Other groups and agencies have addressed the general topic of determining effective dose when the body is not irradiated in a uniform fashion. Particular emphasis has been on the use of multiple dosimeters positioned at different locations on the body and assigning specific weighting factors to the measured dose results, the factors varying with the portion of the body affected. Examples in this regard can be found in U.S. NRC Regulatory Guide 8.40, Methods for Measuring Effective Dose Equivalent From External Exposure, 2010 and the ANSI/HPS standard 13.41-1997, "Criteria for Performing Multiple Dosimetry." The latter standard is available free to Health Physics Society members or it can be purchased through the Society's distributor, IHS. The use of multiple dosimeters would probably not be of very much practical use for the case you describe where a very narrow and limited depth beam of radiation is involved.

As we have noted, for cases such as yours, if it is known that one or more individuals was exposed to the beam you may have to attempt to reconstruct the dose by doing a time and motion study to determine the portions of the body irradiated and the time profiles of the exposures. Uncertainties may have to be accommodated by making conservative assumptions. Evaluation of the dose at the surface of the body would provide a conservative estimate of deep or effective dose. If an exposure consisted of a single pass though the beam, it would probably not be difficult to estimate the dose, but if a worker were exposed multiple times and/or in multiple orientations to the beam the estimations would likely be more complex and subject to greater uncertainty.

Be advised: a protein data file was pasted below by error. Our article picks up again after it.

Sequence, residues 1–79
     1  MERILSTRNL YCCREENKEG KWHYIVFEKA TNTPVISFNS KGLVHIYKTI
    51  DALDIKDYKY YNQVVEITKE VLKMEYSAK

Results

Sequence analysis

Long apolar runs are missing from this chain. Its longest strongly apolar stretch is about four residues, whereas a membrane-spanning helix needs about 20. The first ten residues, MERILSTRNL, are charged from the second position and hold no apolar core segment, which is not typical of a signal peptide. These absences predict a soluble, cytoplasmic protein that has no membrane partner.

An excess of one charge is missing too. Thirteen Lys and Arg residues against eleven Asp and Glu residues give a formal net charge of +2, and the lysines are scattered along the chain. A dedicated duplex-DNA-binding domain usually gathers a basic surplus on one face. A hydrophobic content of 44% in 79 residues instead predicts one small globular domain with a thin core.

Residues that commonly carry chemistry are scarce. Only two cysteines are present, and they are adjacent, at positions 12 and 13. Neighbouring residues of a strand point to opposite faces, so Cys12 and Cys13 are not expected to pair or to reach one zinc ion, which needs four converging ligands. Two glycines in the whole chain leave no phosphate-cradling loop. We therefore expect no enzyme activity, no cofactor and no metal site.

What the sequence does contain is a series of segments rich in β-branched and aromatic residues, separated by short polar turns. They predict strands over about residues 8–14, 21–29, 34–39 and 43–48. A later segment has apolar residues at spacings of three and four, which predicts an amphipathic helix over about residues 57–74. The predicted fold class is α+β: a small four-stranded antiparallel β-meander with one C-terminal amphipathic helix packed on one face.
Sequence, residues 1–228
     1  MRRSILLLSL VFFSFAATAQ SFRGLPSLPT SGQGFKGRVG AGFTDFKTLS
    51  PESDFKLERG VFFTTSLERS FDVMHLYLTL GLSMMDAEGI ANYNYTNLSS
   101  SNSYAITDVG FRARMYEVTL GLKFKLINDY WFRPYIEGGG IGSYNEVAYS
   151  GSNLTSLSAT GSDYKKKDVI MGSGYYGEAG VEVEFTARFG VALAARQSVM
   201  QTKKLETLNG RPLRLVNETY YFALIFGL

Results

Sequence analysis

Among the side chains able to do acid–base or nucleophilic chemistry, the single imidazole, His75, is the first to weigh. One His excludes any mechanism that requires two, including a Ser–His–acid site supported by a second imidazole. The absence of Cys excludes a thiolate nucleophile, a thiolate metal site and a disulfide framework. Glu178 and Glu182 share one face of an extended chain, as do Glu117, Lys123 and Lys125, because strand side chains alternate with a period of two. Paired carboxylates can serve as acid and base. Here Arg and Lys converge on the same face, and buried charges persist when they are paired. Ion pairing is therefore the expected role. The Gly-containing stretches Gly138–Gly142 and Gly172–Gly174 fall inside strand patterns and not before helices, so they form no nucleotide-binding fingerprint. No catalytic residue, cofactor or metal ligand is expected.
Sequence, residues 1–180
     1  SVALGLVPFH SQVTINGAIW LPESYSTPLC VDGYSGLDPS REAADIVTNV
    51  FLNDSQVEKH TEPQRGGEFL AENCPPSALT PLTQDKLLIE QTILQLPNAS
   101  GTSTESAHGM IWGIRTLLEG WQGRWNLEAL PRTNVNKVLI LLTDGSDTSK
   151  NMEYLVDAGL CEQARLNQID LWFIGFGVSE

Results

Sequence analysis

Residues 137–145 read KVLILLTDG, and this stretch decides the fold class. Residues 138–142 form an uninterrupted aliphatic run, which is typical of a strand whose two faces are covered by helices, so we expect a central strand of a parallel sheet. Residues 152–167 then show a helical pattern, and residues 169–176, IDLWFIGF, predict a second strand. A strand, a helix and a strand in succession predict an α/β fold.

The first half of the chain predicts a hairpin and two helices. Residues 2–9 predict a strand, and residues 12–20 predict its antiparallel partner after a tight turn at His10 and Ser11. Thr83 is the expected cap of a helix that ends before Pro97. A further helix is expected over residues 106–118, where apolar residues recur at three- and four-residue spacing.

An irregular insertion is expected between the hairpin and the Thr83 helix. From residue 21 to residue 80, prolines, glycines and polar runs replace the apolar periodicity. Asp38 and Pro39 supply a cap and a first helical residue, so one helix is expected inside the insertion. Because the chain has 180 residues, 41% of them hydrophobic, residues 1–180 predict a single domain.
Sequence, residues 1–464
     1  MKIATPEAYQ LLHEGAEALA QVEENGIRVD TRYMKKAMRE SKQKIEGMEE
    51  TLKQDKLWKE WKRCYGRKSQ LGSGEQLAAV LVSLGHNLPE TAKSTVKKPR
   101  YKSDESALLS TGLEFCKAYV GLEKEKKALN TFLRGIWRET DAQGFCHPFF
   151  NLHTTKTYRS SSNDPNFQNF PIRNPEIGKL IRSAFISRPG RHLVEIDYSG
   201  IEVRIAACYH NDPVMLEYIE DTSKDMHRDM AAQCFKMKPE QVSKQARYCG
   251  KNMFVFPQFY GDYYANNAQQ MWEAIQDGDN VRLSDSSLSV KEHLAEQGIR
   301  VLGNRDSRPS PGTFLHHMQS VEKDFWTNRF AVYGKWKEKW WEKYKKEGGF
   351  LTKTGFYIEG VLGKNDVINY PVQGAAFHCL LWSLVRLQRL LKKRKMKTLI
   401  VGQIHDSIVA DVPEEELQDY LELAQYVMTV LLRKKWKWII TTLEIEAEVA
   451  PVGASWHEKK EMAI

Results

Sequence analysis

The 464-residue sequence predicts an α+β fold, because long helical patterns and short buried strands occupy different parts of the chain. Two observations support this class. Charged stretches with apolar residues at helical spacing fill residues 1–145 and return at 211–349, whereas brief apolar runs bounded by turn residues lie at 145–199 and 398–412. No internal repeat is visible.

For the single-pass case, given your maximum dose rate of 2.0 mGy h-1 and a beam width of 0.127 cm, if we used an arbitrary speed of passage of 1 cm s-1  through the beam, the dose at the body surface for the 10.2 cm long portion of the body irradiated in the single pass would be (2.0 mGy h-1)(1 h/3,600 s))((0.127 cm)/(1 cm s-1)) = 7.1 x 10-5 mGy, which would be equivalent to a body surface equivalent dose of about 7.1 x 10-5 mSv, not a real dose concern. This assumes that the 2.0 mGy h-1 is the actual maximum dose rate in the beam, not the direct and uncorrected value measured with the GM detector or ion chamber. Of course, if the exposed individual were to remain stationary in the beam, the localized dose would accrue to a greater extent.

I hope this is helpful to you.

George Chabot, PhD